J3

SiO2

SiO2

SiO2

Fig. 6.2. Photolithography; (a) A substrate with SiO2 layer, (b) Additional photoresist layer (c) The mask - glass plate with chromium pattern, (d) The mask is on the top of the photoresist-SiO2-wafer layers, (e) UV light falling on the photoresist, (f) After exposure to UV light (positive PR), (g) Third phase of photolithography in which the opening portion of the SiO2 layer is removed (positive PR case), (h) Final phase of photolithography in which the PR is removed (positive photoresist), (i) After exposure to UV light (negative PR), (j) Third phase of photolithography in which the opening portion of the SiO2 layer is removed (negative PR case), (k) Final phase of photolithography in which the PR is removed (negative PR)

The photoresist is coated on the surface of the SiO2 layer (in this typical example) by a process called spin-coating. In spin-coating, as it implies, the wafer is rigidly placed on a rotating base called vacuum chuck. The photoresist polymer solution is put on the solid wafer. The solvent in the solution is usually volatile. The rotor is then allowed to rotate at high speed. This rotation causes the solution to spread over the wafer surface while allowing the volatile solvent to evaporate. Depending upon the required thickness and uniformity the rotation is continued. When the solution is spun off the edges of the substrate due to centrifugal force, the rotation is stopped. The following formula is useful (Eq.6.1a) while calculating the time of spin t, for a given rotational speed w. From this equation the ratio of the thickness can also be obtained (Eq.6.1b).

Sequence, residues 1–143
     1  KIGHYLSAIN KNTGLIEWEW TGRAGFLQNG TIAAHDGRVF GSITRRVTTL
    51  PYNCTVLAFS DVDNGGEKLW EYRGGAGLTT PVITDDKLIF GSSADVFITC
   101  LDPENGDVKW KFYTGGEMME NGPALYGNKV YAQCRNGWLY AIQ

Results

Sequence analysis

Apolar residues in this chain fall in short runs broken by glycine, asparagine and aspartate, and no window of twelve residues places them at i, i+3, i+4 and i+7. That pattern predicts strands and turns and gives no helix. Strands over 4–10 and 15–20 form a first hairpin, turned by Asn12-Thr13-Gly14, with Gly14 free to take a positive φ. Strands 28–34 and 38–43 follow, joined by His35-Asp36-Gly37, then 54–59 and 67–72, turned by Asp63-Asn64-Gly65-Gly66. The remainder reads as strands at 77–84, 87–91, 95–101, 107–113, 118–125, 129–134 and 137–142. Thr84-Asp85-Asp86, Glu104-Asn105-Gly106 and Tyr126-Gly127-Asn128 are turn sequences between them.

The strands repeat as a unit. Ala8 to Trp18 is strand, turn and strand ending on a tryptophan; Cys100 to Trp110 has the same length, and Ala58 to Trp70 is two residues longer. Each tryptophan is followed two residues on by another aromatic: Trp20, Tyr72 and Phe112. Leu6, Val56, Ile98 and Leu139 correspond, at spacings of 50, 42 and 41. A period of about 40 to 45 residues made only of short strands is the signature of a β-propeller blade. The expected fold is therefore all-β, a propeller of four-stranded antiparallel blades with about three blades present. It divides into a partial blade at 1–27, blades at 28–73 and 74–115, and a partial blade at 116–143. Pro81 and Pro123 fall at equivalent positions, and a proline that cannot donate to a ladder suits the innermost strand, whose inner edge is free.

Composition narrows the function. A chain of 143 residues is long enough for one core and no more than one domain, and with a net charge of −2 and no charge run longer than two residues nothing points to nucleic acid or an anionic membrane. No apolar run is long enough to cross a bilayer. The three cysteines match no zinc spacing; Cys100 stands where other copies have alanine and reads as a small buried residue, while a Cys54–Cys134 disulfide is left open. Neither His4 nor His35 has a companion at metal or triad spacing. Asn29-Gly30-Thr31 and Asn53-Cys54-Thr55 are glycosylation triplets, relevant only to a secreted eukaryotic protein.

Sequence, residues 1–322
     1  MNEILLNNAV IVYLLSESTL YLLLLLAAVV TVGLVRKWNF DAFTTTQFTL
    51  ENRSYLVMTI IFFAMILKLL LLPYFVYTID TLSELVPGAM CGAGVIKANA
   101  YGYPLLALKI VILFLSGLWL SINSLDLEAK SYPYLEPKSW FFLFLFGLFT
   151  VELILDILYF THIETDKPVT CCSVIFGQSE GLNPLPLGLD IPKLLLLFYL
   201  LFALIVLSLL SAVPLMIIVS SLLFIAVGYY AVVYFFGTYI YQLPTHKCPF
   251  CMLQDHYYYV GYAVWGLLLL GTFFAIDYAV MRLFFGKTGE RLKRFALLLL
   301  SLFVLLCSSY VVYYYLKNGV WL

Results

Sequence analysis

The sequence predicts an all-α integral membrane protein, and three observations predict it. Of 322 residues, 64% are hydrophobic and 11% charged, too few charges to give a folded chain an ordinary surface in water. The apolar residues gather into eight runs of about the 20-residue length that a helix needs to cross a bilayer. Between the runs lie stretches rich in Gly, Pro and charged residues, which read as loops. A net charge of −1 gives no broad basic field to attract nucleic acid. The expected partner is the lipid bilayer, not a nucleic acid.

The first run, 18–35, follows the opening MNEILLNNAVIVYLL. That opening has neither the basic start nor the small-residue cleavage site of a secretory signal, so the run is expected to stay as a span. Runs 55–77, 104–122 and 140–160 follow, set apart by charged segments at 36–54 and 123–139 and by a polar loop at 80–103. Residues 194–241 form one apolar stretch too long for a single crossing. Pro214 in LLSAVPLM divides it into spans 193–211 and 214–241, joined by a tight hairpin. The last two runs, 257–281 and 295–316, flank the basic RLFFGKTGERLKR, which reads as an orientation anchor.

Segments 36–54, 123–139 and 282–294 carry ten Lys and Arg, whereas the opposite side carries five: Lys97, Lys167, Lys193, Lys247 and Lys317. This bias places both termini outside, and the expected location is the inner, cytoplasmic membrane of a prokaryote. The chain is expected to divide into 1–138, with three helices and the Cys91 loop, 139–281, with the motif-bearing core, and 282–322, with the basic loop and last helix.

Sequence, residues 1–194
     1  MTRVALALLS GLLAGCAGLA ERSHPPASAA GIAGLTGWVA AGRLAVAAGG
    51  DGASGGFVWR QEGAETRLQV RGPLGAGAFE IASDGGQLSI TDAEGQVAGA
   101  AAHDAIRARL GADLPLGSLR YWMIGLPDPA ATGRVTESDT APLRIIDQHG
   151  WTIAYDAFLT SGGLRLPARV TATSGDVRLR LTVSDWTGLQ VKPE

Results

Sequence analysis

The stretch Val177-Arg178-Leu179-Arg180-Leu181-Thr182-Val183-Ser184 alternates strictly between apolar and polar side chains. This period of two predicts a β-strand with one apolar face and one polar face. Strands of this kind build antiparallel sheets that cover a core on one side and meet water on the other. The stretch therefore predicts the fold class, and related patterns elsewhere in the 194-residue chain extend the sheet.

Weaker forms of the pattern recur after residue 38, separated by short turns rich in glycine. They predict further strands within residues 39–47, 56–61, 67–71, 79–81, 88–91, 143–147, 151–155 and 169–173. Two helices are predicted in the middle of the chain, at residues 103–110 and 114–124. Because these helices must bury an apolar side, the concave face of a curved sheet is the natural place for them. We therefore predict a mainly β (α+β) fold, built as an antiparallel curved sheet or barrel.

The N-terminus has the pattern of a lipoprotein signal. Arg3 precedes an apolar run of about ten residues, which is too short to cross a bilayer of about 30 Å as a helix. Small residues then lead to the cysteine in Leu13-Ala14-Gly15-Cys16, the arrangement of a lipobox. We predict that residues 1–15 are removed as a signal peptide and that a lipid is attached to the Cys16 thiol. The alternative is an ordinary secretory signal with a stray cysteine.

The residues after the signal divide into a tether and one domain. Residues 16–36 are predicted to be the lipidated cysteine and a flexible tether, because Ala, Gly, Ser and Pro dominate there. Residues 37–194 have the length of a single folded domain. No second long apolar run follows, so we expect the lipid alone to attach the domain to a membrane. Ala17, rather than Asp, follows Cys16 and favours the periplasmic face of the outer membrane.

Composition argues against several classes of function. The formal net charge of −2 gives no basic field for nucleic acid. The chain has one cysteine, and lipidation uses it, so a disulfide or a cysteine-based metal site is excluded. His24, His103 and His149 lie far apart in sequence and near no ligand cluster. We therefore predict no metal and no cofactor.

4pw2

SiO2

Where ho is the initial height, h is the final height or thickness, |i and p are the viscosity and density of the solution, respectively.

In the third phase, the portion of the oxide layer that is now exposed through the openings of the photoresist is removed by some chemical processes (Fig. 6.2(g)&(j)). Finally the photoresist is removed, leaving the desired segmented oxide layer (Fig. 6.2(h)&(k)). The results shown in Fig.6.2(f),(g)&(h) have undergone the processes in which the positive photoresist is used and that of the Fig. 6.2(i),(j)&(k) have undergone the processes in which the negative photoresist is used. The lithography method described in the previous section is called optical lithography because it uses UV light as the exposing energy. Other exposing energies such as X-ray and electron beams can also be employed. Besides the consideration of the source of exposing energy, lithography is also characterised by hard- or soft-lithography based on the configurability of the mask.

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